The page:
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Table of Contents
The Indian Ocean is the third largest of the world’s oceanic divisions, covering 70,560,000 km². It is bounded by Asia in the north, on the west by Africa, on the east by Australia, and on the south by the Southern Ocean or, depending on definition, by Antarctica.
See the fact file below for more information on the Indian Ocean, or alternatively, you can download our 21-page Indian Ocean worksheet pack to utilize within the classroom or home environment.
Key Facts & Information
- An ocean is a body of saltwater, and the oceans of the world cover approximately 70.8% of the surface of Earth and contain 97% of Earth’s water.
- The Indian Ocean is the third largest of the world’s oceans covering 7,240,000 sq mi (70,560,000 km2), approximately one-fifth of the total ocean area of the world.
- The Indian Ocean is bounded by Asia to the north, Antarctica in the south, Africa to the west, and Australia to the east.
- The Indian Ocean differs from the Atlantic and Pacific oceans in several ways. It has fewer islands than the other oceans, and in the northern hemisphere, it is landlocked, not extending to Arctic waters like the Atlantic and Pacific Oceans do.
- The Indian Ocean also has all three types of tidal types, daily tides (diurnal), twice daily tides (semi-diurnal), and mixed tides.
- The maximum width of the Indian Ocean is 4,700 mi (7,600 km) between Africa and Australia, and the maximum length is 6,000 mi (9,600 km) between Antarctica and the Bay of Bengal.
Quick Facts About the Indian Ocean
- The Indian Ocean is the youngest of the major oceans on Earth.
- Many major rivers flow into the Indian Ocean, including the Zambezi, Jubba, Shatt al-Arab, Indus, Ganges-Brahmaputra, Godavari, Krishna, Narmada, and Irrawaddy.
- The currents in the Indian Ocean are mainly controlled by the monsoon.
- There are only two trenches in the entire Indian Ocean – the Java Trench and the Makran Trench.
- The sea lanes within the Indian Ocean are extremely important for trade, as they provide major sea routes connecting the Middle East, Africa, East Asia, Europe, and the Americas.
- The Indian Ocean is the warmest ocean on Earth.
History of the Indian Ocean
- The Indian Ocean opened up around 156 million years ago when Africa separated from the supercontinent, Gondwana. From there, the Indian subcontinent broke away from the Australia-Antarctica subcontinent between 135-125 million years ago.
- Historically important trading ports in the Indian Ocean include Durban and Richards Bay in South Africa, Kolkata, Chennai, and Mumbai in India, and Fremantle and Melbourne in Australia.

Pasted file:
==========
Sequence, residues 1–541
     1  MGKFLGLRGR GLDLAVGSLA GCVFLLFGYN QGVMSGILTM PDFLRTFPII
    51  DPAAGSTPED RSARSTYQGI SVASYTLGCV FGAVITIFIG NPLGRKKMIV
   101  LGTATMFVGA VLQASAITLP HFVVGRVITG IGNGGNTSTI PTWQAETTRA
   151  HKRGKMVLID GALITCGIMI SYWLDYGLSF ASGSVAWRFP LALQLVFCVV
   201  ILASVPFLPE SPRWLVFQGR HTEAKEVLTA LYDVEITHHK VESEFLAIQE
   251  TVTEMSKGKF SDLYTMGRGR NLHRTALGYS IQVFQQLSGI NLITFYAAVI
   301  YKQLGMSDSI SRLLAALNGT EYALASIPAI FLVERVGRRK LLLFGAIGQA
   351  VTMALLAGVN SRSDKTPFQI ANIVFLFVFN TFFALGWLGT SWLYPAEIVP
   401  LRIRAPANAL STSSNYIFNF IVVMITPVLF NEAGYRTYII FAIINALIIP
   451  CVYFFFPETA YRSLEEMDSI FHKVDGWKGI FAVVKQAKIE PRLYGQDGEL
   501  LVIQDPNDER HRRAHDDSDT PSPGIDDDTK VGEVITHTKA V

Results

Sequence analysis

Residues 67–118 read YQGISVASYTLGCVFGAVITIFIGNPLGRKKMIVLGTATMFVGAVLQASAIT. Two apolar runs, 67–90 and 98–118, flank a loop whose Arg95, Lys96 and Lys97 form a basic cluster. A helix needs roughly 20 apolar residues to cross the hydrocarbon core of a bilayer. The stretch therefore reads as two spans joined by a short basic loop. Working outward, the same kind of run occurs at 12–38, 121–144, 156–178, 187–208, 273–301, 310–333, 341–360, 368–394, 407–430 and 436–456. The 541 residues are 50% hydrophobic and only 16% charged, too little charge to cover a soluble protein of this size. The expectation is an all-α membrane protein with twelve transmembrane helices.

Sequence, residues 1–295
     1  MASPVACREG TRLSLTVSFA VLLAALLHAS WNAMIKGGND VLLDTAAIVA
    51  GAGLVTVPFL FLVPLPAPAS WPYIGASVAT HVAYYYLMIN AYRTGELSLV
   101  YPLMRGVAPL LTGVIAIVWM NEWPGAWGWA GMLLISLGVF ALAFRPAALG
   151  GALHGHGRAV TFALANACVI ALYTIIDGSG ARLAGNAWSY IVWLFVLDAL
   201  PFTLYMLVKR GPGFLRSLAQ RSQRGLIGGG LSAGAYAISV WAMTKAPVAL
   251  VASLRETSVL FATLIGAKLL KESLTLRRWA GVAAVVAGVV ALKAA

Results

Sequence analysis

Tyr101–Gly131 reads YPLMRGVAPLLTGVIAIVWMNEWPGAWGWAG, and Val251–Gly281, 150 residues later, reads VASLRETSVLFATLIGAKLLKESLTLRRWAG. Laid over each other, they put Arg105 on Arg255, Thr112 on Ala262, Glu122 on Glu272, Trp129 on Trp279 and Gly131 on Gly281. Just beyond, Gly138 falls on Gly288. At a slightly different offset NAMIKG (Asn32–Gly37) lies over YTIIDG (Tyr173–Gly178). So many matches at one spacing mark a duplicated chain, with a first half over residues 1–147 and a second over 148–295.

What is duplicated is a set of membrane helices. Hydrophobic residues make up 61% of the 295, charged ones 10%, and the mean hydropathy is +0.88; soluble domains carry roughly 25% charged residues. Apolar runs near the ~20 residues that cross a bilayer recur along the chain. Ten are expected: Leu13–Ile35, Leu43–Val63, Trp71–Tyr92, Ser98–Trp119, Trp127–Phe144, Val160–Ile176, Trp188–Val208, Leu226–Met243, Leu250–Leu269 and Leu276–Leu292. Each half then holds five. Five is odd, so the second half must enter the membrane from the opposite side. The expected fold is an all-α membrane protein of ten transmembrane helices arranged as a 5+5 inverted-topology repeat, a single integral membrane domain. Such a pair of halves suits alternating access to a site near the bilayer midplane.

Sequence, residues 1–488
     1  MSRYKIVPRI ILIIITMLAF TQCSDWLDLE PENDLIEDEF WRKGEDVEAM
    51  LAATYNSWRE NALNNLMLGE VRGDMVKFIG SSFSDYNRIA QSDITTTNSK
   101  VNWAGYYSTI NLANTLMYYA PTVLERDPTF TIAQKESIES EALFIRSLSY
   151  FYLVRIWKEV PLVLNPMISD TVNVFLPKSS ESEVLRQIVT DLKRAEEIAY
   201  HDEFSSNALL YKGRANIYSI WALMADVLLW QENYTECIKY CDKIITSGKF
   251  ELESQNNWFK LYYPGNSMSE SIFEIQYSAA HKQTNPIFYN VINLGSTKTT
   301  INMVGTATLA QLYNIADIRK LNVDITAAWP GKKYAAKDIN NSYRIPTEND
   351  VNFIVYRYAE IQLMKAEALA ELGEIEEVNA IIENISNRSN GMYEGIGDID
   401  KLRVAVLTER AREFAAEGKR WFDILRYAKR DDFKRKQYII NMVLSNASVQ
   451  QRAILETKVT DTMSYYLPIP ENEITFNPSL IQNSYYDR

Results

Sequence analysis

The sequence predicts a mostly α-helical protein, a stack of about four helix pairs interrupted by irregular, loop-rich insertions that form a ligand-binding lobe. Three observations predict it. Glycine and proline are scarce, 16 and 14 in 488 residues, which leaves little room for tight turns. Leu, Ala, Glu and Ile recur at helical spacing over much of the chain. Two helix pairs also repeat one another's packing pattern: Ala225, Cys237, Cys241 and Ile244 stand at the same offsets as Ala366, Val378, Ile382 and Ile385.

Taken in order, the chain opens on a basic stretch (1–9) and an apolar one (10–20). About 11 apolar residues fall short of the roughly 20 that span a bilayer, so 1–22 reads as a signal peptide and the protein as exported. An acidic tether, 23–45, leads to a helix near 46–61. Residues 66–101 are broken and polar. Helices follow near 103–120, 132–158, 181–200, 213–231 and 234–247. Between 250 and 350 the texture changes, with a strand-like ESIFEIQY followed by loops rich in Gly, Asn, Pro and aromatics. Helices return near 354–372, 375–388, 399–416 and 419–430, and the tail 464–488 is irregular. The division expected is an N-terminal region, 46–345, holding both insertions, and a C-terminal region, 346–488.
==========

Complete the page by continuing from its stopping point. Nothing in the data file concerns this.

- Singapore has the busiest container port on the Indian Ocean, and Durban in South Africa is the largest and busiest port in Africa.
- The Indian Ocean came to prominence during the 1500s, known as the “age of discovery”, as it was an important trade route for the silk trade and was also used by sailors to find a route around Africa.
- During the 17th and 18th centuries, European powers sought control of the trade routes in the Indian Ocean, but Britain was most successful.
- The Suez Canal, a 120 mile (193 km) man-made waterway, connects the Mediterranean Sea to the Indian Ocean via the Red Sea. It opened in 1869, making trade between Europe and the eastern world shorter and quicker.
Geography of the Indian Ocean
- The average depth of the Indian Ocean is 12,274 ft (3,741 mt).
- It has many narrow continental shelves that average 120 miles in width.
- The Indian Ocean is located in the Eastern Hemisphere and passes through the Ninety East Ridge, a structure on the floor of the ocean that runs nearly parallel to the 90th meridian and is over 3,000 miles (4828 km) long.
- It is also artificially connected to the Mediterranean Sea via the Suez Canal.
- The climate of the Indian Ocean north of the Equator, as well as the ocean’s currents, are mostly controlled by a monsoon climate.
- Due to the melting of polar caps, the Indian Ocean widens by approximately 8 inches (20 cm) each year.
- Phytoplankton in the Indian Ocean is declining due to global warming. Phytoplankton is a necessary food source for many life forms in oceans, which are subsequently also declining.
- The ocean also has a low oxygen content.
- Although it receives nearly 4,000 miles (6437 km) of river runoff, the water in the ocean evaporates at a high rate, again due to its temperature.
- Due to its many borders with large countries, the Indian Ocean is considered to be a “closed ocean”.
- On average, the Indian Ocean maintains a temperature of 22 °C (72℉ ), although this is warmer nearer to the Equator where temperatures closer to 28 °C (82℉) are commonly recorded.